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Chicken Vegetable Curry (Gluten-Free)

I love just about every type of curry under the sun. Before I started eating gluten-free, one of my favorite curries to make was S&B's Golden Curry. It's an easy, cheap, delicious curry block that is available nearly everywhere I have ever traveled.

The S&B company makes a number of delicious curry blocks that I now cannot use because they all contain wheat flour. However, I was shopping at Nijiya market in San Francisco's Japantown recently, when I noticed a red S&B box with Japanese writing. It looked to be an import from Japan. Unlike the other S&B curries, which list wheat flour as an ingredient, this one contained sorghum. The product is called "Curry No Ohji-sama." It comes in a red box with a cartoon of a child with a band of yellow stars across his head.

Now, technically this product is not sold as gluten-free, so please evaluate it based on your own personal needs and judgement.
S&B Curry Sauce Mix
The English label listed the following ingredients: Palm Oil, Corn Starch, Dextrin, White Sorghum, Salt, Sugar Beet, Vegetable Paste (Palm oil, pumpkin, carrot, cabbage, sweet corn, spinach, tomato, bell pepper, molokhiya), Curry Powder, Chinese Cabbage Extract Powder, Caramel, Fruit paste (Canola oil, Mango, Pineapple, Passion fruit, Apple, Banana), Yeast extract powder, Sucrose fatty acid esters, Artificial flavor, Paprika color.

After my first try, I found that I needed to modify the curry with a bit of additional curry powder, and a dash of soy sauce. However, once I did, the result was a rich, delicious curry that goes great with rice or with your favorite gluten-free noodles.

Lastly, this recipe also works well with pork or beef in place of chicken. It is also delicious as a vegetarian dish.

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The finished 
chicken vegetable curry. Photo: Jefferson Adams Ingredients:
2 tablespoons olive oil
1 chicken breast about 6-8 ounces (substitute pork chop or beef)
1 small onion or ½ large onion, chopped
1 large potato or 2 small potatoes, chopped
1 large carrot, chopped
4-6 Crimini, brown, Shitake, or other button mushrooms
½ cup zucchini
1½ tablespoons of curry powder - I use Trader Joe's.
1 tablespoon gluten-free soy sauce or tamari

Directions:
Cut vegetables into bite-size pieces. Halve or quarter mushrooms, depending on size.

In a medium saucepan, sauté onion in oil over medium heat until soft. Add meat and cook until lightly brown.

Add remaining vegetables and sauté for a few more minutes, until vegetables are slightly cooked.

Add 2½ cups of water and bring to a boil. Reduce heat and simmer for 15 minutes, skimming off and discarding any foam. Remove from heat.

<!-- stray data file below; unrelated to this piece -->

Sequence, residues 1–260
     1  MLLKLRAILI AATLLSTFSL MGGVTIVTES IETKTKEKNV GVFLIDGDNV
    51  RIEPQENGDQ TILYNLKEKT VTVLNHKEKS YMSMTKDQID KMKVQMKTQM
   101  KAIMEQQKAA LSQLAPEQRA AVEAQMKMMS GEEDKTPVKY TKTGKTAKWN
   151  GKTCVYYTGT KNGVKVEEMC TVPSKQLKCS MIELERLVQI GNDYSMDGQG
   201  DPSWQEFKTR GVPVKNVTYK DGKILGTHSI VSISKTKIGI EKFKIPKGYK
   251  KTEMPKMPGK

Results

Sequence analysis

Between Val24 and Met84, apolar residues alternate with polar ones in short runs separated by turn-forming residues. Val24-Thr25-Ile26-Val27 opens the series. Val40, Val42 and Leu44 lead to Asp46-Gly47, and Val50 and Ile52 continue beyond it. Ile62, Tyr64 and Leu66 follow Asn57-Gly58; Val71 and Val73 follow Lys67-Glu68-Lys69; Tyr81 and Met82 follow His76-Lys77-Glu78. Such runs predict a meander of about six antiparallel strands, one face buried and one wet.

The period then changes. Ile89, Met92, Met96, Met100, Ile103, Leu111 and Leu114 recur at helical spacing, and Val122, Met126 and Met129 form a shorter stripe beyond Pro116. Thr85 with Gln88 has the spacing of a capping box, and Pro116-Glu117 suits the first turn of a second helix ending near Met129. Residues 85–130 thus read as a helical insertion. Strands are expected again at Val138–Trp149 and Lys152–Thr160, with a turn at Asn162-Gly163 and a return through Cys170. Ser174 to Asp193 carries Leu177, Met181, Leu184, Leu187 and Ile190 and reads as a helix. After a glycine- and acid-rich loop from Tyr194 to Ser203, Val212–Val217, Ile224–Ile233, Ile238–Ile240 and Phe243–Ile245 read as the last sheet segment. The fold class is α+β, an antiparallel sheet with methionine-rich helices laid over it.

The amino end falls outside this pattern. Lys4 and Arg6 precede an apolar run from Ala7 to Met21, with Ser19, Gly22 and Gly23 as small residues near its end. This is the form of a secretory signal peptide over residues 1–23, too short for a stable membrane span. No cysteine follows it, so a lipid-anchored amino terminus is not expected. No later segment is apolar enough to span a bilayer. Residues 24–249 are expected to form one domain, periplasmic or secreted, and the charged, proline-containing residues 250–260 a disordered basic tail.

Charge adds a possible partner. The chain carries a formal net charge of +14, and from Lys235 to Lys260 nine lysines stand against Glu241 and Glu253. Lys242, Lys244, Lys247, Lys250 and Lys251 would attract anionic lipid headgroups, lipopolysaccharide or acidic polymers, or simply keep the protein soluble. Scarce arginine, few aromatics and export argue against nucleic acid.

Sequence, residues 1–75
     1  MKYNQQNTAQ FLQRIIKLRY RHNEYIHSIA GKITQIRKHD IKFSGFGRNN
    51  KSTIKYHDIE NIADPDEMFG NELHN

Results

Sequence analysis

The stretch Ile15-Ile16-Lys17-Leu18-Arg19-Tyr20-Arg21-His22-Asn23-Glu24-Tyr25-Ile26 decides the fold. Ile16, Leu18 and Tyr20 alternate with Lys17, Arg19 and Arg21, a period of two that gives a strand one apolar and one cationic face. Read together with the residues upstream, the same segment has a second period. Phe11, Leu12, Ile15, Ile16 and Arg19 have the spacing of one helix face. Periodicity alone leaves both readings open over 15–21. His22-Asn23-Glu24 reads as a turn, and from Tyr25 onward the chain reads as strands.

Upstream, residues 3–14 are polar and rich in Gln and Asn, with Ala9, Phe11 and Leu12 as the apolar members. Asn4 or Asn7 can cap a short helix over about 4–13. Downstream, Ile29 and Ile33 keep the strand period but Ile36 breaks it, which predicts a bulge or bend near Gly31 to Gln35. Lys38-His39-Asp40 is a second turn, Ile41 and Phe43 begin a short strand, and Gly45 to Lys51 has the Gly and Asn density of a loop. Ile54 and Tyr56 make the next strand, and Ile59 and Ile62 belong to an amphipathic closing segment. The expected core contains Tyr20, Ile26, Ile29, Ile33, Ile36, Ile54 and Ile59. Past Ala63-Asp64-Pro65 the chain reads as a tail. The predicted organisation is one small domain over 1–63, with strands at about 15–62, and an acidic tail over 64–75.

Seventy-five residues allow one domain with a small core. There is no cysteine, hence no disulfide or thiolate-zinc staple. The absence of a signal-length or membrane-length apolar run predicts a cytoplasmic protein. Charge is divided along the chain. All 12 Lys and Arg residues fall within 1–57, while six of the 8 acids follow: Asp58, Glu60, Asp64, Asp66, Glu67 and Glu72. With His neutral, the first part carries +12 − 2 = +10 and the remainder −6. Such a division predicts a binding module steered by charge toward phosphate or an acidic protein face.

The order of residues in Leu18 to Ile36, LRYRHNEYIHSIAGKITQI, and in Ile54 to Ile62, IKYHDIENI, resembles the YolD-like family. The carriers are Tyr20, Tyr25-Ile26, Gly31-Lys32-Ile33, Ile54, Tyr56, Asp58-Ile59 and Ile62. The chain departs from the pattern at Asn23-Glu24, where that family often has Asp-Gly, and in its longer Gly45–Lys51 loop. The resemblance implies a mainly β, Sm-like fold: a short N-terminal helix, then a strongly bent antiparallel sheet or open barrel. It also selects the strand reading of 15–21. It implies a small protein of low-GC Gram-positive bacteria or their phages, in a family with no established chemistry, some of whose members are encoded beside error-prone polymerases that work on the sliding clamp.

Add S&B curry cubes, curry powder and soy sauce. Cook according to package directions.

Serve over rice, or with your favorite gluten-free noodles. Also goes great over quinoa! Makes 4-6 servings.

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5 Responses:

 
Aya N
Rating: ratingfullratingfullratingfullratingemptyratingempty Unrated
said this on
16 Jan 2012 5:33:02 PM PDT
Interesting find! I looked at the manufacturer's site in Japanese (I'm a native Japanese speaker). Tried to list the URL but that's apparently not allowed in a comment. It's www.sbcurry.com/oji/products/products01.html.

While it is true that wheat is not listed as an ingredient, the origin of caramel coloring and emulsifier (which is not included in the translated label, I see) is a mystery... And the site lists the common allergens that are *not* used in this product as: eggs, dairy, buckwheat, peanuts, & soy. (i.e. wheat is not listed as an allergen excluded from this product.) It also says it is manufactured on the same line as products containing wheat.

From this I tend to deduce the "roux type" block (red box) probably isn't safe for celiacs. Interestingly enough, the one below it (powder form in blue box) does say it doesn't contain any wheat (or egg, dairy, buckwheat, peanuts, soy, rice). One thing to note is that things like barley & rye are not included in such common allergen lists in Japan, so I have no way of knowing its gluten content, but at least the blue box (powder mix) is wheat-free, if you can find it.

 
Denise Owen
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said this on
22 Jan 2012 11:28:51 PM PDT
I contacted the company in Japanese and they said that the pouch/retort version of ojisama curry's dextrin is from a corn source (カレーの王子さま レトルト). I did not ask about this roux but tried some and did not seem to have a reaction. I was, however, concerned that it is made on the same line as wheat. Since I already contacted the company, maybe Aya could ask them about gluten in the roux? I was very impressed with their quick and specific response, and the more people who contact them the better, I think. I was not happy to see that the blue box with powdered mix contains MSG, so I probably will not try that.

 
Denise Owen
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said this on
23 Jan 2012 12:24:01 AM PDT
I meant to say the mizuame was made from corn. Usually it is barley syrup, but sometimes corn syrup. I never eat anything with mizuame unless it is confirmed to be corn.